Monday, September 22, 2008

Melting - pt. 2

Melting Keyboard

Tuesday, September 16, 2008


Over the past few months I’ve been working on a series of Melting objects. The project has a simple inspiration – my fear of things falling apart, and my somewhat curious desire to see things fall apart. I think that desire comes out of the same interest in films about conflict and death; one wants to look upon their fears from a safe distance. I can’t help but smile when I see these everyday things losing their shape, their surfaces dripping like candle wax, while they spread out into a homogenous puddle. Yet I know I’m scared of this happening to me and my world; there is the constant awareness in the back of my mind that everything is more fragile than I’d like it to be. Every day I work towards building a better and larger life, and there’s still just as much chance that it will fall apart. So I play with everyday things, always on a small scale, and always in my control.

‘Melting’ continues to be an interesting organic process of falling apart to impose on these rather static objects. It always seems to produce unexpected results; often disgusting and bodily. It is entropic and irreversible, horrifying and yet beautiful.

I’ve been melting calculators, staplers, tape dispensers, and the tape cassette player at the top of this post. I’m somewhat non-committal in terms of the end product. I have remnants of this process that I plan to display as sculptures, but I also have photographs of the events in-process that I intend to display as well. There are aspects of both that I really love.

I’ll be posting more photographs of my Melting series in the coming weeks.


Monday, September 15, 2008


After 14 months of quiet meditation, I’ve decided it’s time to restart my blog. Candidly, I was pursuing it too formally; it’s time to loosen up and let myself enjoy it a little more. Plus, I find myself with both the time to write and the wish to share my thoughts. In the coming days you’ll see a flurry of posts about recent events, art pieces in progress, and stuff I’m into (books, movies, etc.).

Fall is suddenly here. Well, it’s not official quite yet – still summer for another week, but it’s getting cold enough that I’m ready to call it fall.

So what am I up to? I’ve been in my studio, getting a lot done on my Melting series (I hope to post more about that later). It rained all weekend, so Sarah and I spent the Saturday and Sunday holed up in our apartment, watching movies and TV. I also managed to finish Call of Duty 4 (COD4) on my PS3 and spend a little time ravaging the streets in Grand Theft Auto IV (GTAIV) with my friend Craig. In an effort to prepare for the cooler weather while maintaining my suave style, I did some online shopping as well.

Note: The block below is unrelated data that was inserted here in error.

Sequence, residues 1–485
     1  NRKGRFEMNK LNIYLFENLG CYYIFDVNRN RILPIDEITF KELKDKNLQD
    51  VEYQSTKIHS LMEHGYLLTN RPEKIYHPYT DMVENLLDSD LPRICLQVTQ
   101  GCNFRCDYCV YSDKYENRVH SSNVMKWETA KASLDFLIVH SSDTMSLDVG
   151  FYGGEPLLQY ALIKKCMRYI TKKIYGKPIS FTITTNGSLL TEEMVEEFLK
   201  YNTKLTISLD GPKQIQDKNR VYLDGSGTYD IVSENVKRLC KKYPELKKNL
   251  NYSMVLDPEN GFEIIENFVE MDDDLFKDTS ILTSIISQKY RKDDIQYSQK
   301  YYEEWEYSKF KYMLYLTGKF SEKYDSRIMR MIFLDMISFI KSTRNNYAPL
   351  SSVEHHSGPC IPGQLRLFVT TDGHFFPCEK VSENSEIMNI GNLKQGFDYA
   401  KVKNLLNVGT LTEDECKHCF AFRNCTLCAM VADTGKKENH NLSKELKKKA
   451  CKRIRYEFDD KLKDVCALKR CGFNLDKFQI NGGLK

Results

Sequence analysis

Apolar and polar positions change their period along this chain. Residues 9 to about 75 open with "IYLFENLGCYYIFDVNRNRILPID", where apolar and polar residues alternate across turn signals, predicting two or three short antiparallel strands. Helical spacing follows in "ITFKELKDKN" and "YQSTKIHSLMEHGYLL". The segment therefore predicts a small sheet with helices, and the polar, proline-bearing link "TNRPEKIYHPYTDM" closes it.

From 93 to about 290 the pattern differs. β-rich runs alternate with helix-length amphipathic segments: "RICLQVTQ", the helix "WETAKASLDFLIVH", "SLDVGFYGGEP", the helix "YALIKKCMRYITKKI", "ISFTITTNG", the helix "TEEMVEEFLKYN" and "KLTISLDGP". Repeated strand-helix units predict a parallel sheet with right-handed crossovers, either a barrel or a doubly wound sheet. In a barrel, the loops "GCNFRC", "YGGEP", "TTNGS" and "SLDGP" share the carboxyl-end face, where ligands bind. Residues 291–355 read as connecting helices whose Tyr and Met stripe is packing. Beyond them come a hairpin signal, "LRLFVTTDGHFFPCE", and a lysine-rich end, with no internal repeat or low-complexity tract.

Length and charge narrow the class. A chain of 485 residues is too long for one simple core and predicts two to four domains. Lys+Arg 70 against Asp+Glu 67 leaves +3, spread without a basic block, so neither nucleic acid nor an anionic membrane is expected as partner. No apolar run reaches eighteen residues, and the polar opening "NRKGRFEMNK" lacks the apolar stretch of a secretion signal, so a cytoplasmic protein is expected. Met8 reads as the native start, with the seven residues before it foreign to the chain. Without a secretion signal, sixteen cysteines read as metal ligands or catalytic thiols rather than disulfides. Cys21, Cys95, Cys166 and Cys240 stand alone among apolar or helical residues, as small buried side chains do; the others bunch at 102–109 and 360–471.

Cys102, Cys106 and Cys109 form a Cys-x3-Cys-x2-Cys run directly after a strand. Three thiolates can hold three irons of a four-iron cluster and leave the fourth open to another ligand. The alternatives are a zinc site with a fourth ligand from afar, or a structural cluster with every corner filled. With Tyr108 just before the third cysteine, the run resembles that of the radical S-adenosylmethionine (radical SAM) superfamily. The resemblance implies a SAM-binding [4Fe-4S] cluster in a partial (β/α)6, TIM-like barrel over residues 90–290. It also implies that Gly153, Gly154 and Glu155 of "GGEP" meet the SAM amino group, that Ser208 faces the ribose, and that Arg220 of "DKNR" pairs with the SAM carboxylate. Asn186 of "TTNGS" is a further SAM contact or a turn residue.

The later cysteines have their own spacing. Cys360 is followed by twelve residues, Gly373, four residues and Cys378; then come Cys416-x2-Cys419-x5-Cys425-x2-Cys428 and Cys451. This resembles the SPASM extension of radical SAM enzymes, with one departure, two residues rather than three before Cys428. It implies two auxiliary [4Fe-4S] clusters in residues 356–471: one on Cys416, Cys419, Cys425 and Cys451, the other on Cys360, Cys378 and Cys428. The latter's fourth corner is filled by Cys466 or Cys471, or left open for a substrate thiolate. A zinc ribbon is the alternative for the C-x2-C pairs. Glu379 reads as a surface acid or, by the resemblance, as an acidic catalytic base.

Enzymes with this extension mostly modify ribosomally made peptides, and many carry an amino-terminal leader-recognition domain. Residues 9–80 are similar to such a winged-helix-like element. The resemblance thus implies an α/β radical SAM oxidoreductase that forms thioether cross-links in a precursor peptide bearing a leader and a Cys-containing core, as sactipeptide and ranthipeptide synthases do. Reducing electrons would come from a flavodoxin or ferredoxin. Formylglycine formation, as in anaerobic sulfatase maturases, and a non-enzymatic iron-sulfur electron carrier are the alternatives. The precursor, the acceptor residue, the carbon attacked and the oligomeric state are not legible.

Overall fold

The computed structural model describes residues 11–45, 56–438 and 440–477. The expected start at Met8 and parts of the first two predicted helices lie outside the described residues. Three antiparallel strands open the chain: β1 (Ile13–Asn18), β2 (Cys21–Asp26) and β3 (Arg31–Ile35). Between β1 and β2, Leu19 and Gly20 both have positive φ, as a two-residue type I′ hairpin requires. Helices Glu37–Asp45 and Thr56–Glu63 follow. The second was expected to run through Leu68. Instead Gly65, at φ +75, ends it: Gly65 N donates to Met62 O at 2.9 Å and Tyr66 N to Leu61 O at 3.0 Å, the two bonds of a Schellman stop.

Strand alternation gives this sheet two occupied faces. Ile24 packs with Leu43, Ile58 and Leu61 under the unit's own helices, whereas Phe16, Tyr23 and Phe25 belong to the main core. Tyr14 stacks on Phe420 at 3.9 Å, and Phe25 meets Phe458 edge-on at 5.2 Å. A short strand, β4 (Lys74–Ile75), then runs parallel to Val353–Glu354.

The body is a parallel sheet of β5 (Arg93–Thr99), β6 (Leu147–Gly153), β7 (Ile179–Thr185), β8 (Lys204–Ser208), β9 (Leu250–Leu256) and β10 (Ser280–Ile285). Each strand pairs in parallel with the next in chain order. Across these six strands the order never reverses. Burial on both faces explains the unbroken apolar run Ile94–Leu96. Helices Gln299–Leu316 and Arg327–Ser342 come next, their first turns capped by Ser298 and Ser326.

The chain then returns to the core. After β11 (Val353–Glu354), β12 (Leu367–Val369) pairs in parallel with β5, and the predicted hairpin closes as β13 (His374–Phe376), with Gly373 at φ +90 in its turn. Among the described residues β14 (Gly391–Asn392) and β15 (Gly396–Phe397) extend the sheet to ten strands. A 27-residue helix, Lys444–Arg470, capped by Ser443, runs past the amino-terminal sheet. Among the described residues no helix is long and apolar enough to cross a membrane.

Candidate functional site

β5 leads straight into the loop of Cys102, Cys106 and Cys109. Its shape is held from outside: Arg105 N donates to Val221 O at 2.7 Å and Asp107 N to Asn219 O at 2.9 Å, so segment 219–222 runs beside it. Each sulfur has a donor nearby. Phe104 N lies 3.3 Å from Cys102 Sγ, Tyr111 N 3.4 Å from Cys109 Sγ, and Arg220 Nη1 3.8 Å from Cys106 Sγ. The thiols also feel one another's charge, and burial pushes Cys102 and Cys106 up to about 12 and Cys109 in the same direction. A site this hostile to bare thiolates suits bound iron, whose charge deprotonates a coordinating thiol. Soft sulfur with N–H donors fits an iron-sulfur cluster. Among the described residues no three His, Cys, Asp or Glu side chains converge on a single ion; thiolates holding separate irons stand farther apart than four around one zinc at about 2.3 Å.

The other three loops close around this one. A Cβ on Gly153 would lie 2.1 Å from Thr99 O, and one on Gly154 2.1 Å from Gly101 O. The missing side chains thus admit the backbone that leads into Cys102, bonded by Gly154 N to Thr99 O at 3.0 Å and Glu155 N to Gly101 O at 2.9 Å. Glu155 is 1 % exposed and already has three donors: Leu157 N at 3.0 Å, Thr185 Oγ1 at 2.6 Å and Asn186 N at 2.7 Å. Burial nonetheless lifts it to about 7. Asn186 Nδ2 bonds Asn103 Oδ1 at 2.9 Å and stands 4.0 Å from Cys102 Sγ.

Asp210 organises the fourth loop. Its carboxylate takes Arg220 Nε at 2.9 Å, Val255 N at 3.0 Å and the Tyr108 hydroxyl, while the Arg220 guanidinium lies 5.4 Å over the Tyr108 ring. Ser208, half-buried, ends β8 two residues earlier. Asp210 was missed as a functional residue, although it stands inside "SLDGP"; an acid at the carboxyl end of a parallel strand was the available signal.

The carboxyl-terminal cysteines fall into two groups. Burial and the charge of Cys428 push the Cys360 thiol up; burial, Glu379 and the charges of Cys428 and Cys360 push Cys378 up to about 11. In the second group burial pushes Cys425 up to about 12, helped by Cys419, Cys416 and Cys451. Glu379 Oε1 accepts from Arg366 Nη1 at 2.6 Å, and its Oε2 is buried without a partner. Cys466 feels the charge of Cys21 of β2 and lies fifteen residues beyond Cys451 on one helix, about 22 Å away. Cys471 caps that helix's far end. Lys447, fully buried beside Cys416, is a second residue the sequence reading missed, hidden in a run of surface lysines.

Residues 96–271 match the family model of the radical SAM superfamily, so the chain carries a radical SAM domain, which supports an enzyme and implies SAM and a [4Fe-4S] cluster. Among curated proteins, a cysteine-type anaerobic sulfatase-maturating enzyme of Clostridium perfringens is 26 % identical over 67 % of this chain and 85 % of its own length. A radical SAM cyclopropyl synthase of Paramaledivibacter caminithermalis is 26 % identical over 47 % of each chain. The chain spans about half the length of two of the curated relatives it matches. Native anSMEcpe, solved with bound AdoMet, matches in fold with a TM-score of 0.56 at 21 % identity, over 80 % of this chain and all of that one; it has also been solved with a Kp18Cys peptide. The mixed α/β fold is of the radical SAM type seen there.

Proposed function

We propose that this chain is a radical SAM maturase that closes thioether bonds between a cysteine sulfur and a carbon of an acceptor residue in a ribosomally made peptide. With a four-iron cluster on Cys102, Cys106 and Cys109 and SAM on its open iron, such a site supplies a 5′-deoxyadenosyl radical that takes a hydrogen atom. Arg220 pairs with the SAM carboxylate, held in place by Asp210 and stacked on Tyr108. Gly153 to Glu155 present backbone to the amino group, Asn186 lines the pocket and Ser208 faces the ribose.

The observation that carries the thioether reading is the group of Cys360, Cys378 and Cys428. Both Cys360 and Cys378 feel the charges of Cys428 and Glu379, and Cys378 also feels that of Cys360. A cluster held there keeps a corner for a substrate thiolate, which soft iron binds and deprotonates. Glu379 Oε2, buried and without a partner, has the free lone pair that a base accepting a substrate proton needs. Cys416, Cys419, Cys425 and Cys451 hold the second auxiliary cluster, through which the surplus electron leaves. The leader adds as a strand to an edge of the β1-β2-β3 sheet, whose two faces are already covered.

Sarah and I did go to a couple of cool places this weekend. For one, we went to Union Pizza up in Evanston , where we met Sarah’s coworkers. Union Pizza is a hip pizza joint, walls stripped bare (literally to concrete and the builders’ spray paint markers) and d├ęcor laden with modern furniture. I do believe the pizza was wood-fired. Sarah ordered the Lamb Sausage pizza. I still feel guilty about that. It was really good, but I don’t eat that much meat. I don’t know when I last ate lamb before that. All in all, I recommend the place, but you pay for the designer setting. But you expected that.

We also went to Vega Estates, named for the landlords of my friends Julie and Roxane, who host monthly exhibitions in their apartment’s basement and garage. This recent show is called Tomorrow. The show itself was fine, but sparsely attended in the pouring rain. It featured an architectural video by Marco Kane, composed mostly of still shots inside buildings, a few slow pans, overlaid with trance-like music. The video had an eerie, thoughtful quality that I liked, but as a whole it felt too much like other videos I’d seen before. I can’t tell you who exactly made these other two pieces (as I wasn’t planning to write a review), but I appreciated a pair of diamond shaped paintings – framed with what appeared to be old, very ornate recycled frames. The paintings themselves were half abstract, textured paintings – almost flesh-like, and half bare wood panel. The paintings seemed to be about these contrasts, and had a fetishistic quality to them. In addition there was a pair of photographs, or should I say one photograph duplicated? The image was of a small waterfall, hidden in some tropical forest; it was printed in black and white, duplicated as both the positive and negative version of itself. The point where the water hit the ground was almost figural, but what I liked about this piece was the analytical look at a scrap of paradise. It seemed to long for and question longing for the clandestine locale.

After a rainy Sunday marathon of movies and TV shows, Sarah and I went for a casual walk around our neighborhood. We stopped at the 7 Eleven on Devon , but didn’t end up buying anything because they require a $10 minimum to use a credit card. Having recently learned that it’s against credit card policy to require a minimum for credit card payment, we
reported the merchant to MasterCard. Now I understand that it’s inconsiderate to spend fifty cents using your credit card, but ten bucks is a high minimum, and the guy behind the counter was pretty rude to Sarah about it. Hopefully next time we stop by, they will have learned their lesson.

That’s it for today. Tomorrow I hope to post more.